February 22, 2010
By now everyone has heard and read plenty about the bad loans of the big banks, their trading against their own customers and bonds deals, and their collapses and near-collapses. The giant bailouts have been exhaustively chronicled as have the banks' robust rebounds. But the history of the last 30 months is far clearer than is the way forward for the biggest of the banks.
Those banks - Bank of America, Wells Fargo, JP Morgan, Citigroup, and let's not forget Goldman Sachs - have been raking in huge profits lately, mostly due to trading and investment banking activity. Yes, the same banks that cashed government bailout checks to stay in business are now making a bundle with trading that puts their recently rescued capital at risk. How better to earn their huge bonuses? Don't get me wrong. I am happy for anyone to pursue profits with risk capital. That's what sent Columbus off sailing westward and what drives our economy. But when you take a risk and seek a gain, you have a chance of loss. It's that chance, that terrible inconvenience of loss, that the banks seem so eager to avoid.
Paul Volcker has a suggestion. You may remember Mr. Volcker - I certainly do. As Federal Reserve Chairman in the early 80's he helped crush our out-of-control inflation (that helped me to refinance my 18.92% mortgage down to only 12.25% - I was ecstatic). Recently President Obama appointed Volcker as head of his Economic Advisory Board, and Volcker has assumed the mantle of Skunk At The Garden Party. Volcker's idea is that banks should not engage in proprietary trading by risking their capital buying and selling in the financial markets. He thinks that banks should make their money by making loans and collecting them with interest, and he is right. The banks must choose: if they want a safety net, they must run a safe business. That means get out of investment banking. If they want to pursue the Big Win, they must live in the shadow of the Big Loss. They cannot have it both ways.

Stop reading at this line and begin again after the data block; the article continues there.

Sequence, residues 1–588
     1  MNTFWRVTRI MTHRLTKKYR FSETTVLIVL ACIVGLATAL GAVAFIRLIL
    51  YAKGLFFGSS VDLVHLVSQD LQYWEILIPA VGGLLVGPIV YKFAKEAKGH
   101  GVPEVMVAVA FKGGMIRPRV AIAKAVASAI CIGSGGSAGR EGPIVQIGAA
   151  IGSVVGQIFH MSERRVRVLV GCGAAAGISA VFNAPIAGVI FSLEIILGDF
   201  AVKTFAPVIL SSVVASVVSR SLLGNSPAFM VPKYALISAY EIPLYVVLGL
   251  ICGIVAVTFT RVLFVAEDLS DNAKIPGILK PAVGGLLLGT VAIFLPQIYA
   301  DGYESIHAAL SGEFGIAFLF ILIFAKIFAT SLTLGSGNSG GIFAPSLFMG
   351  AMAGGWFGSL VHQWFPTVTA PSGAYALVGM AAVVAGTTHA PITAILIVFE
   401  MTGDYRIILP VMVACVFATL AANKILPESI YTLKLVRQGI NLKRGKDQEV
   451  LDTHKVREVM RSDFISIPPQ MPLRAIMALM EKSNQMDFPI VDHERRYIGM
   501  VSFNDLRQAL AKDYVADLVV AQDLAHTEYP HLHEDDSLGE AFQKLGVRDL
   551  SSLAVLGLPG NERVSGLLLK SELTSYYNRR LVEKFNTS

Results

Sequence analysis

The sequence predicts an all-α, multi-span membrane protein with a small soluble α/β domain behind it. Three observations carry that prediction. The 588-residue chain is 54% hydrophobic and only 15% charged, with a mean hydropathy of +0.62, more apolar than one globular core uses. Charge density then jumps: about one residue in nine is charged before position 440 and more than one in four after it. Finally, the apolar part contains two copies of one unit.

(This article contains the current opinions of the author but not necessarily those of Brighton Securities Corp. The author's opinions are subject to change without notice. This blog post is for informational purposes only. Forecasts, estimates, and certain information contained herein should not be considered as investment advice or a recommendation of any particular security, strategy or investment product. References to specific securities and their issuers are for illustrative purposes only and are not intended and should not be interpreted as recommendations to purchase or sell such securities).